Misc. Items of Interest
Utilizing the theological concept of original sin, Niebuhr saw human nature as a problematic mixture of good and evil. He suggested that utopian projects for the perfection of humankind all too easily adopted a means-justifies-the-means ethic that resulted in horrible dystopias. Schlesinger admired him enormously. So did C. Vann Woodward.
And, as Brian Lamb has ascertained, it's pronounced SHLAY-ZING-ER.
Foxy Librarian reflects on the days when she worked (from the context, I am guessing in a civilian capacity, but maybe not) for the local Sheriff here and here. If you easily get squeamish, don't click. (Oh, btw, if you're squeamish you probably shouldn't click on any of the "Dawn of the Dead" or other zombie links that I have posted in the past. Sorry.) Excerpt:
One Sunday I was driving somewhere and heard some breaking news about a grisly murder on the radio. My heart skipped a beat, and I realized that I couldn’t wait to go to work on Monday to see the pictures. It horrified me because it dawned on me right then that had become a depraved ghoul. It was time to find another line of work. The strong stomach and sense of black humor that I developed at the job, however, has served me well in the library.
Speaking of police procedurals, Kottke points to this post by Patrick Pittman which argues in favor of "Homicide: Life on the Streets" as the Best. Show. Evar. (Sorry, couldn't stop myself.) Excerpt:
In Homicide, Braugher is Pembleton, a fiery Jesuit consumed by passions and fears we could never know. In this episode from season 3, Braugher is toe to toe in the interview room with a suspected cop killer, played by Steve Buscemi. As they dance around the idea of the shootings, the two of them trade rhetoric on the nature of civil society, the nature of hate, and in extended form, the central theses of Plato’s Republic. The dialogue is electric and the atmosphere moreso. I’ve never seen a scene like it — the way Braugher’s face ripples a strange sense of satisfaction as he pulls the rage hiding within his victim, and slowly, but surely, his weaknesses. Every time Buscemi’s white supremacist calls him nigger, he grows in strength. By the end, he’s practically dancing. These five minutes may even be the best thing Buscemi’s done.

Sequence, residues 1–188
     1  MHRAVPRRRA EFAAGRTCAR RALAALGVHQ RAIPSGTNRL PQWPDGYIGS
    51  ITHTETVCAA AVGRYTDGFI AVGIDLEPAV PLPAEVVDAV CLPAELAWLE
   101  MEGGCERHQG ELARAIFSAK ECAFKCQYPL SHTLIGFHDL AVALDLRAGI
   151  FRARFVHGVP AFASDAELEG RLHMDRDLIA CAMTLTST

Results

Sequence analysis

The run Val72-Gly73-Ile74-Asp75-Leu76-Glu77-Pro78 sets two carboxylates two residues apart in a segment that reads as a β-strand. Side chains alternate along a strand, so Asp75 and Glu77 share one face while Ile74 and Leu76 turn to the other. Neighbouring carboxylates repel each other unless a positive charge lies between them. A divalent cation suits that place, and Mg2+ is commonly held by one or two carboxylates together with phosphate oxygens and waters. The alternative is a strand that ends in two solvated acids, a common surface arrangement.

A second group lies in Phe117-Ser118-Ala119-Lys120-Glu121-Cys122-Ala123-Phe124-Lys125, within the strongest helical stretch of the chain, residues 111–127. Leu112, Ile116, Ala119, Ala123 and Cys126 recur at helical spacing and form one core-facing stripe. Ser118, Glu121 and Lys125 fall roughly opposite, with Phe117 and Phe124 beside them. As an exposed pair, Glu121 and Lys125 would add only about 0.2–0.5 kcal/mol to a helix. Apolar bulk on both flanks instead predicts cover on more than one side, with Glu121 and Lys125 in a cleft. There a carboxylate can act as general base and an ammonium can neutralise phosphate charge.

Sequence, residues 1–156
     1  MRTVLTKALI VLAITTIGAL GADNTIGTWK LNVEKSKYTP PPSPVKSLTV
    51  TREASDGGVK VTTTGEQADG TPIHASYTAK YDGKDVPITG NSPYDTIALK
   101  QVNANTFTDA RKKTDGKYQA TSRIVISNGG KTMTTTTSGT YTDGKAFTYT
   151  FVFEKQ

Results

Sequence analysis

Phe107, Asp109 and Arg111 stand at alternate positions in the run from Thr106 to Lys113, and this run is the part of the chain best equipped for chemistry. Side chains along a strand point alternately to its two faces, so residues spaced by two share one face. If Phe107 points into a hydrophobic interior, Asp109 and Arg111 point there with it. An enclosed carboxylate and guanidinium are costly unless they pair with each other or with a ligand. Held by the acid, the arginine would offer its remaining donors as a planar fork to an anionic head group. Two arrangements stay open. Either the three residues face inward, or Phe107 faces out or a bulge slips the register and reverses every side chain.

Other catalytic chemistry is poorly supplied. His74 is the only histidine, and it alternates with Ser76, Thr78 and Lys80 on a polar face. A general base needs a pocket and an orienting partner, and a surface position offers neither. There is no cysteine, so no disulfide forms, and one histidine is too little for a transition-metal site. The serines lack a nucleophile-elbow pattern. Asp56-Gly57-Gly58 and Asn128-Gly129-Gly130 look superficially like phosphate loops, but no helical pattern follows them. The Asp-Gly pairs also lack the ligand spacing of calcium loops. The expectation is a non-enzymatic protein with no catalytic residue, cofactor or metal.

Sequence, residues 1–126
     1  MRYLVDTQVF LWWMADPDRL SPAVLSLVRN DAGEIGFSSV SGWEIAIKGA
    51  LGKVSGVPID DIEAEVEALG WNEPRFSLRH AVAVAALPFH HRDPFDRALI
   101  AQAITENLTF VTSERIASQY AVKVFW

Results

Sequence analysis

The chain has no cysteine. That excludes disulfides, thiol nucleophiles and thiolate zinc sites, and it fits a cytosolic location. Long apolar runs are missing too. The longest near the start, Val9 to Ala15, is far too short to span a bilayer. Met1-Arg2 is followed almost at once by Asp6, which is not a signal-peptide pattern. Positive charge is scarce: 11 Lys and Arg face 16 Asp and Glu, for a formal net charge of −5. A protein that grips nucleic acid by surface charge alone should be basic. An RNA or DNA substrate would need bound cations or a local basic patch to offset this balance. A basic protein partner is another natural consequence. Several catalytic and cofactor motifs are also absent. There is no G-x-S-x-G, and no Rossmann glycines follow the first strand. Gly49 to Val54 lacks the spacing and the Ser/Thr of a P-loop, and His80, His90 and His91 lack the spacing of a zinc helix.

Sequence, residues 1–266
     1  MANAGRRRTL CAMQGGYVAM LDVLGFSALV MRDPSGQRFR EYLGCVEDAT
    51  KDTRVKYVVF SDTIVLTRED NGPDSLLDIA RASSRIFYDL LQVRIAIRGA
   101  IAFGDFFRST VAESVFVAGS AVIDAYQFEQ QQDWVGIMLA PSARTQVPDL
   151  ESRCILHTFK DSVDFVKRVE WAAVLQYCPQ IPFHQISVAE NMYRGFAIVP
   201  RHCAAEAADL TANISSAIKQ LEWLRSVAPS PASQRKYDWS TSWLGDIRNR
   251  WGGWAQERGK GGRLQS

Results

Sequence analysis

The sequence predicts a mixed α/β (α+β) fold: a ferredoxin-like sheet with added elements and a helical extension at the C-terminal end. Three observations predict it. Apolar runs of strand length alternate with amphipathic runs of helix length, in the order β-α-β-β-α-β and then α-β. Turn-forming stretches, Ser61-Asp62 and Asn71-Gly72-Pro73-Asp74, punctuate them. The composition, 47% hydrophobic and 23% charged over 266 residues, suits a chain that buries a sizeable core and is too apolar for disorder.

I'd have to think about whether or not those five minutes were Buscemi's best, but it certainly was a great scene in a great episode in a great four-parter. As for best show ever, I would have to draw the distinction between the first three seasons and the last three (and the M-f-TV movie wrap-up). Yes, I know there were seven seasons; I'm just on the fence about whether season four belongs with seasons one through three (often derived verbatim from David Simon's excellent reportage) or with five through seven ("The other detectives don't take me seriously just because I won a beauty pageant."). If we're just talking about seasons one through three (and maybe four), then I absolutely agree that there's nothing else like it out there.